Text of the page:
Is QUI DI1 the correct way to mark a client as offline?

Asked by Corbin Simpson


I have been crafting a small ADC hub recently, based entirely off of the ADC protocol specification. Recently, I have been testing with DC++-based clients, including DC++ itself.

A curious problem has shown up. I randomly generate SIDs with no reuse, as others do. Occasionally, the list of connected clients will not clear in DC++. This usually happens after a reconnection, but it can also happen after a client has quit. If a client quits and reconnects, they will receive a new SID. DC++ will then *discard* the new information being broadcast for that client, because it still believes the other SID is still valid and ignores the new SID.

The end result is that DC++ now sees a ghost user that no longer exists and that the hub doesn't know about, and also denies the existence of an actual user that is definitely connected to the hub.

I have obtained the DC++ source corresponding to DC++ 0.802, and have been studying dcpp/AdcHub.cpp. I believe that I understand the anatomy of this bug, even if I don't know the correct resolution.

At dcpp/AdcHub.cpp:110, putUser() is defined. This appears to be one of the two points, along with clearUsers(), where users may be marked as offline. An attempt appears to be made to remove clients from the client list, but the SID-CID pairing is retained, leading to a conflict when the same CID reconnects. dcpp/AdcHub.cpp:152 inside handle(INF, ...) suggests "buggy hub" and gives the somewhat-dreaded "X has same CID as Y, ignoring" message.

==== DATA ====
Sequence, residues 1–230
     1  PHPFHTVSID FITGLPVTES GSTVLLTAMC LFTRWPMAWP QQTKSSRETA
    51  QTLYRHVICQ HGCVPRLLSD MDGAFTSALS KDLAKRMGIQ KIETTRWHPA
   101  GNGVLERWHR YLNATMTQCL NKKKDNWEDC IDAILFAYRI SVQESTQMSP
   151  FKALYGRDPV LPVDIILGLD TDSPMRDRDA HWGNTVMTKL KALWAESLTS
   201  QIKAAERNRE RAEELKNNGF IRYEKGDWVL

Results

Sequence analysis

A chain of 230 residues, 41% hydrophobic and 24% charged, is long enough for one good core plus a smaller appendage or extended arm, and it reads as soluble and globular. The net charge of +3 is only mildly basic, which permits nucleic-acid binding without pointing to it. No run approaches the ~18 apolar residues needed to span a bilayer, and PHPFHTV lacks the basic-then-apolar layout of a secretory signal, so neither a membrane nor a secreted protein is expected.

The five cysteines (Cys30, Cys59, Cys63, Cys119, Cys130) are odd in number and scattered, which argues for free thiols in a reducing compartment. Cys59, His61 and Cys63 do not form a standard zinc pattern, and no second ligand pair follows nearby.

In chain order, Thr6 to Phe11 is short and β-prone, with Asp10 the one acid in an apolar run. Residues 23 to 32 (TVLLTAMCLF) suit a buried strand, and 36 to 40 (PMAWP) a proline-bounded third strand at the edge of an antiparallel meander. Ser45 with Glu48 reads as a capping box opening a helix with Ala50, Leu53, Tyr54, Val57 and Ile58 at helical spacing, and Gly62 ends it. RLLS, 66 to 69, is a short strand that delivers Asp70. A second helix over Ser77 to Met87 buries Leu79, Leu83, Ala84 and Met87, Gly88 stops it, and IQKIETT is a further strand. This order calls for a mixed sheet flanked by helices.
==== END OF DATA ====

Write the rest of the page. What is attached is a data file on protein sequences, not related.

Now, the hub does appear to have one recourse. When a DC++ client attempts to use an invalid SID, the hub could guess that the client is using a ghost SID which no longer exists. The hub could then send a message which is targeted to trigger putUser(SID, false) which will remove the ghostly SID from the DC++ client. The only such point is in handle(QUI, ...) at dcpp/AdcHub.cpp:305, where any QUI message with DI1 will definitely erase the nonexistent SID from DC++'s memory.

This technique works! It has a couple flaws, though. First, this conflicts with the protocol's idea of how QUI works, which is that QUI should *already* notify the client definitively that the given SID is deallocated. In fact, I have tried sending normal QUIs when clients disconnect, and sadly QUI does not remove entries from the client list nor erase the SID-CID mapping for that hub. DI1 is supposed to be for when a client is poisonous and should not be talked to under any circumstances; this is clearly both incorrect and overkill.

Second, the hub cannot always know which CID the DC++ client wanted to reference. Hubs are apparently not required to remember past clients' SIDs, and they can't do it in all circumstances. This bug can be triggered by the hub restarting, so persisting SIDs would take a fair amount of extra effort. It's possible, but no other hubs appear to do it. As a consequence, it's not really possible to know exactly which client's INF needs to be resent to DC++ to tell it about the *real* client that it wanted to connect to.